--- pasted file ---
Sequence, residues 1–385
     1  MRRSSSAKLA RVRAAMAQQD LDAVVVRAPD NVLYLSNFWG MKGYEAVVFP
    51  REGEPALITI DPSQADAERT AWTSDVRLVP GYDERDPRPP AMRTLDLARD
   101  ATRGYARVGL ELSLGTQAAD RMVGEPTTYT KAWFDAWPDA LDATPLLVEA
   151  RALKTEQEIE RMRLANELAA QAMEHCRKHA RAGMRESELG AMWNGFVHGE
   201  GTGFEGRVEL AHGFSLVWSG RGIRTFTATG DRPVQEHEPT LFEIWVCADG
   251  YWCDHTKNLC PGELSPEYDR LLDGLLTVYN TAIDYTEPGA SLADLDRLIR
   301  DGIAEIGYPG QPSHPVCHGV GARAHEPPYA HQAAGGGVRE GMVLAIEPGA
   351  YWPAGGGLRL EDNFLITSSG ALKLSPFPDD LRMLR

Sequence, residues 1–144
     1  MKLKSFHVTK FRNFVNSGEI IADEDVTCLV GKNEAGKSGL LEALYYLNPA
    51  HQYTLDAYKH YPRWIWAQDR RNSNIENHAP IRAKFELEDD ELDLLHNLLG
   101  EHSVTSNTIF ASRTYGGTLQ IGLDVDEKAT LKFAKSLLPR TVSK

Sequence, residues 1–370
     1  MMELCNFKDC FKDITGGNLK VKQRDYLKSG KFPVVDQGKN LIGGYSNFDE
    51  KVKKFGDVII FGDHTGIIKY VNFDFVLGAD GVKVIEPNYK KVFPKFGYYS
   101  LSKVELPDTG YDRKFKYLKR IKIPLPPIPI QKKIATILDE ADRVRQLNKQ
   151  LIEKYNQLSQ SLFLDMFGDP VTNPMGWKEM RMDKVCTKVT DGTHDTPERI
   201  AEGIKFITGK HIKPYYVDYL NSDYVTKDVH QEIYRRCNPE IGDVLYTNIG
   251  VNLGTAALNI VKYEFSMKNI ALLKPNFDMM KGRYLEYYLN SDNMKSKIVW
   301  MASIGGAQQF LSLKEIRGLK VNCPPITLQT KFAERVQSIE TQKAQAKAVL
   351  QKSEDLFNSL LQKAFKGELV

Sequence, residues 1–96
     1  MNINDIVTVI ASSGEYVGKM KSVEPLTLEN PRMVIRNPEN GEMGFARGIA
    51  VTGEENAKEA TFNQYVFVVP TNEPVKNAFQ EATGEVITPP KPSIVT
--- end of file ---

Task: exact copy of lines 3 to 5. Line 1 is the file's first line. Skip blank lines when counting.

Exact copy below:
    51  REGEPALITI DPSQADAERT AWTSDVRLVP GYDERDPRPP AMRTLDLARD
   101  ATRGYARVGL ELSLGTQAAD RMVGEPTTYT KAWFDAWPDA LDATPLLVEA
   151  RALKTEQEIE RMRLANELAA QAMEHCRKHA RAGMRESELG AMWNGFVHGE